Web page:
I did eggs, yogurt, cheese, occasional shrimp because I liked it, milk, more eggs, beans in many forms but not every day (chickpea based middle eastern stuff was fairly usual), surprisingly little pasta, tons of veggies. Lots of stir fries and salads with eggs and various nuts. I had a very simple cookbook with a ton of casseroles and gratins that involved various proportions of various-textured vegetables layered with various cheeses and nuts. No tofu; I never could stand the stuff. There were a surprising number of casseroles/bakes that involved walnuts, pecans, almonds, seeds, etc. that were really pretty good. I'm sorry I don't know where that cookbook is, actually, because I've thought a number of times recently that I'd like to go back and revisit a few of those (I love meat, and I'm not in the least bit sentimental or scared of it any more!) simply because I remember them as being tasty. It was true hippy food.

                      I don't think it's totally inconceivable to come at least close to "primal," whatever that means.

                      That said--Bacon IS "a gateway meat"!!! Bacon and burgers, bacon wrapped around chicken, bacon smothered in bacon...

                      It wasn't bacon that ended my experiment, though. I just woke up one day craving a rare hamburger. It made me ill.





                      But the next one didn't.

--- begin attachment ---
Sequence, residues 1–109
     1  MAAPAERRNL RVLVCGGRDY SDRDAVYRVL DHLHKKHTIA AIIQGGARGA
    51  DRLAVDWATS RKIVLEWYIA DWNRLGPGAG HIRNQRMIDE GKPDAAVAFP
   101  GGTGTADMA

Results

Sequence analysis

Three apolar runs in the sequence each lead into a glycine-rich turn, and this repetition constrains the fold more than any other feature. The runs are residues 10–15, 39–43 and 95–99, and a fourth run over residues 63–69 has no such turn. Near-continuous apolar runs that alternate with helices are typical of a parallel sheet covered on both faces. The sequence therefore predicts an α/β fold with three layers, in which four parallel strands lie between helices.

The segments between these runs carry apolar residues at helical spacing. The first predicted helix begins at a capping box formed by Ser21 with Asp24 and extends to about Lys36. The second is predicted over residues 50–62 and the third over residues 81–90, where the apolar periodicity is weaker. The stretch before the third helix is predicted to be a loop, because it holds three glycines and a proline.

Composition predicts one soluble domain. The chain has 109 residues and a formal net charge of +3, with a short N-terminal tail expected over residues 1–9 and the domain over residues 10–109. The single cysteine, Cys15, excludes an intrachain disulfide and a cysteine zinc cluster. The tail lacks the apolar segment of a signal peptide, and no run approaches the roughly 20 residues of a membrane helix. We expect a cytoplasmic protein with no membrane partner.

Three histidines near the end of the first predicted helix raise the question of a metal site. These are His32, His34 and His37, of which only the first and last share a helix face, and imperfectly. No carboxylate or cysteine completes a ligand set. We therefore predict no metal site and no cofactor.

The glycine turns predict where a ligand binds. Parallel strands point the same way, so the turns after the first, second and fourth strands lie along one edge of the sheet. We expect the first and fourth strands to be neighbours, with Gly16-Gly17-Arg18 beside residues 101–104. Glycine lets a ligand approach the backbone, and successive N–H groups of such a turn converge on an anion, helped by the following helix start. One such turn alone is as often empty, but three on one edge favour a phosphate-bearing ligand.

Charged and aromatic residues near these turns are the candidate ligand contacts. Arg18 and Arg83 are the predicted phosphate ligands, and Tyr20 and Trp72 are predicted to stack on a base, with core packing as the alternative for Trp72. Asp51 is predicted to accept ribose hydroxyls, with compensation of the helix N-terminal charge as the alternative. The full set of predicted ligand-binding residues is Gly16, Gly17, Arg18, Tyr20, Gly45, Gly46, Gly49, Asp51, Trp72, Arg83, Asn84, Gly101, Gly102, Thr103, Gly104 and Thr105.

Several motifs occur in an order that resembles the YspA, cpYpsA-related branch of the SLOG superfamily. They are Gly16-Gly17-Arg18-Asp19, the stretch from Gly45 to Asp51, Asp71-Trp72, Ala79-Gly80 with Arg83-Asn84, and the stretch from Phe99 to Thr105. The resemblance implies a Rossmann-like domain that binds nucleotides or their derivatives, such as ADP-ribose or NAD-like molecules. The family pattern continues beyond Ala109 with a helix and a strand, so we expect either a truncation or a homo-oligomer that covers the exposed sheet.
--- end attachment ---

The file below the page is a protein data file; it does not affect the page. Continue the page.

I only wish I had kept cooking for myself and eating mostly whole foods INCLUDING meat. Might have made a significant difference in my life and health. *sigh*

                      I couldn't do a total vegetarian thing anymore. I just enjoy meat too much. But when I did it, it worked pretty well in terms of my health. I know I was twenty-something and it's pretty hard to screw that up--but I was a lot healthier than a lot of people I knew then.
                      Last edited by gottaluvalab; 10-17-2010, 03:40 AM.

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                      • #12
                        I would guess that maybe if you'd kept up the vegetarianism there would've been a bunch of little niggles and some weight gain over the next decade or so - that's what happened for me, anyway. Niggles and weight both gone now.

                        For the OP... this is certainly tricky! Maybe gradually desensitising yourself is the way to go, as people are suggesting.

                        Tempeh (fermented, traditional, better than tofu) bake or nut roasts with a tiny bit of liver mixed in, and then a bit more liver next time? (Chicken liver is mildest in flavour.)

                        Lentil 'bolognese' sauce with a little mince mixed in, and working your way towards pure meat? (The texture of well-cooked green or puy lentils is a decent mince replacement in tomato sauce, so you could take it the other way, too.)